Looking into the future
This column originally ran in ComputorEdge on January 11, 2002
If you want to know what the World Wide Web will look, sound (and, who knows, smell) like in three to five years, there's no better place to look than the World Wide Web Consortium.
Not much younger than the Web itself, the W3C just turned seven years old in October and with computer years being equivalent to dog years, the W3C is now all grown up.
What is the W3C? It is one of the many standards-setting organizations that dot the engineering world. If you've ever viewed a .jpg image (most of the pictures online are in .jpg format), then you know about the work of the Joint Photographic Experts Group. Other standards groups whose work you are likely familiar with include the Moving Pictures Experts Group (the folks that develop and maintain the mpeg and MP3 audio and video compression standards) or the American National Standards Institute (the folks who derived the ANSI plain-text standard that is slowly supplanting ANSI's own older, more limited ASCII text format in word processors). Engineers, of course, are all familiar with the I Triple E (IEEE) the Institute of Electrical and Electronics Engineers. (And if you really must know, ASCII stands for American Standard Code for Information Interchange.)
All of these groups are voluntary, with no authority to enforce compliance. Instead, they work on the principles of community and consensus. The leading businesses of each relevant industry are invited and encouraged to participate if these companies adopt the new standards, everyone else is more likely to come around.
The benefit to you and I, of course, is that if there are recognized, accepted standards, then our different high-tech equipment is more likely to be interoperable and to communicate with each other reliably and efficiently.
When it comes to the Web, several of these groups help determine future standards. The MPEG group will continue its role in improving online multimedia content (despite Microsoft's thuggish attempts to corral all multimedia Web content into its Windows Media File format). IEEE and ANSI will continue to provide standards guidance for much of the infrastructure of the Internet the routers and switchers that you and I mostly don't care about, except when they don't work and we can't get online.
But for how the Web looks and feels, the W3C is the lead organization and by periodically browsing their site and seeing what projects are in progress, it's possible to get a fairly good feel for where the Web is heading.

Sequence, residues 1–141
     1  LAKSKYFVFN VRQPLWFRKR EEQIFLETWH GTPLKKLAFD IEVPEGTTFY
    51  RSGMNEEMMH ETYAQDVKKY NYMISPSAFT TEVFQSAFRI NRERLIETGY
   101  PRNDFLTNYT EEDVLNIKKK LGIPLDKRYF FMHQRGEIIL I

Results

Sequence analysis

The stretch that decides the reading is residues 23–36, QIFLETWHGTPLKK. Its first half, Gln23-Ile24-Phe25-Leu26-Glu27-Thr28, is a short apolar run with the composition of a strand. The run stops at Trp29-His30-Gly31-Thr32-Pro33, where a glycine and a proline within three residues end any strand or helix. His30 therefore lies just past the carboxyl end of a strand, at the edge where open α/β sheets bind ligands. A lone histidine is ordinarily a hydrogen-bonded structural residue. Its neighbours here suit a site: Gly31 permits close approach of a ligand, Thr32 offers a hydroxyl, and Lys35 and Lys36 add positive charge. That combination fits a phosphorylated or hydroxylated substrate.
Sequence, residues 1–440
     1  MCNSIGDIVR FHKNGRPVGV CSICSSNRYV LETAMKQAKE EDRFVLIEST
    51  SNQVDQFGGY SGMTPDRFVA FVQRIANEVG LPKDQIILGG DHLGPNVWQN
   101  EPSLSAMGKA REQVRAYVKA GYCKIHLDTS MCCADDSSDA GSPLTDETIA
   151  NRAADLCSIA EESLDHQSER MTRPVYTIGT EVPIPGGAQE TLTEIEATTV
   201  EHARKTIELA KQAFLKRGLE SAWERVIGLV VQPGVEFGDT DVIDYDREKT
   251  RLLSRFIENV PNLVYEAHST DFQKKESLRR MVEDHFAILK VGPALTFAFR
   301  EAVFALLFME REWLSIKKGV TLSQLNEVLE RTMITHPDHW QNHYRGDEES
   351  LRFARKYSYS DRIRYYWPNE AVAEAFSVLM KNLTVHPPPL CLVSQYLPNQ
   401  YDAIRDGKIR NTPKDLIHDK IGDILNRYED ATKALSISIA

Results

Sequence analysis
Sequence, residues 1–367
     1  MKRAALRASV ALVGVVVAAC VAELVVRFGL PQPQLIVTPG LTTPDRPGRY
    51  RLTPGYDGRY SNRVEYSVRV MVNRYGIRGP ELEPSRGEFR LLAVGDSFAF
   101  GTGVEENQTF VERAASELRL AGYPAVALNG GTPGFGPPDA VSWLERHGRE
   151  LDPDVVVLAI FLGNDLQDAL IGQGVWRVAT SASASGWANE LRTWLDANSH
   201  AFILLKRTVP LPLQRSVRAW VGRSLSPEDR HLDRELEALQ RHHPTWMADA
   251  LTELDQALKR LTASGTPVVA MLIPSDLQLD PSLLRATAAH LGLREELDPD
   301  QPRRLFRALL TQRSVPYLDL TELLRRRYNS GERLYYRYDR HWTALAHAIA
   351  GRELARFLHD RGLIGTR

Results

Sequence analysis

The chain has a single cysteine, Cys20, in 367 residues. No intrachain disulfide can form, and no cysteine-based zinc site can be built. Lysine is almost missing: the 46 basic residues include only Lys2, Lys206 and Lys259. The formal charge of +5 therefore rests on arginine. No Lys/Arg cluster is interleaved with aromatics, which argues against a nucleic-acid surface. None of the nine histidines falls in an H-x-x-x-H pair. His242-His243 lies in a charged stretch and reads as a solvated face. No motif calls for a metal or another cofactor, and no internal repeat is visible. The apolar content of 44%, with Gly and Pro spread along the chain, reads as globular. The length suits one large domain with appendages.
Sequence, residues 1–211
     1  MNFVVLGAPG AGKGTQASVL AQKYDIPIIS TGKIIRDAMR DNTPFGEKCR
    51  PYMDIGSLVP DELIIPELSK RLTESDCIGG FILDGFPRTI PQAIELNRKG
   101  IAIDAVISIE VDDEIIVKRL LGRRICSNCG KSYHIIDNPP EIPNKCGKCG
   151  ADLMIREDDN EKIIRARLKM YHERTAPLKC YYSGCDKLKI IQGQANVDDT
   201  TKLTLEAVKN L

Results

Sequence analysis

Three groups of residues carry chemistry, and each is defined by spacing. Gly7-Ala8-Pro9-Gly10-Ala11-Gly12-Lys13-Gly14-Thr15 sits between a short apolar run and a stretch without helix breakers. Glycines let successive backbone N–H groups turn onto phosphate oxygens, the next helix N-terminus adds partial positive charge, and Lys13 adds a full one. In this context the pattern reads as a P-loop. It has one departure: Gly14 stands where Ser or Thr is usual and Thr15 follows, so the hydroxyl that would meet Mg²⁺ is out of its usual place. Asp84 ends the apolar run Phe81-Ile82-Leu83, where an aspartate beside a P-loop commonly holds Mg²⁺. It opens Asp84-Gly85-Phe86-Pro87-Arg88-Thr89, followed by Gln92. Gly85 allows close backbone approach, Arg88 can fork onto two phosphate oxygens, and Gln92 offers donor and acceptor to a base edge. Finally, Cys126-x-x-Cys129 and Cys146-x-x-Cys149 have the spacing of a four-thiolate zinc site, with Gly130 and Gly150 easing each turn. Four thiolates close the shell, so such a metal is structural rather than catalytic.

The biggest proposed change is also one of the oldest adoption of XML, or eXtensible Markup Language. Rather than an extension of the HTML that now serves as the language all Web sites are built with, XML is a new beast. It still uses tags, and some of them will seem familiar to those who know HTML, but XML is designed to let documents be sorted much more efficiently by search engines.
From an appearance standpoint, SVG Scalable Vector Graphics is more interesting. This would allow web page designers to use graphical effects like a gradient or a screen within a web page itself. Currently, to get these fancy effects, you have to create a graphic file (a .gif, .jpg or .png) and then link to it in your page. If SVG is every widely adopted, you'll be able to set up what's referred to as a paint server, and use a tag to call the effect you want.
More immediately, the already-adopted Cascading Style Sheets (CSS) continue to have new capabilities proposed. If you use Netscape 6, Opera 6 or IE 6, you've likely already seen how much neater and cleaner CSS can make web sites appear. Under plain HTML, you can only assign relative sizes to text and your ability to place text in a specific place on a page you're designing is very limited. CSS has already freed web designers to manipulate text much more effectively than with HTML, and the proposals now on the boards at W3C will offer similar control over other elements, as well as further refining text handling.
Of course, all the standards folks can do is create standards and then sit back with the rest of us and see what the creative folks who actually create web sites can come up with. The JPEG outfit likely never foresaw what their tools would lead to in digital photography.
How likely is it that we'll see these proposals develop? Well, the W3C is one of the few places where you'll find both Microsoft and Sun gathered, along with 500 other companies including such heavyweights as Apple, AOL/Time-Warner and Adobe. If they buy into these proposals (and one never knows just how deeply Microsoft is committed to anything besides Microsoft) any and all could be reality in a few years.
© Copyright Jim Trageser
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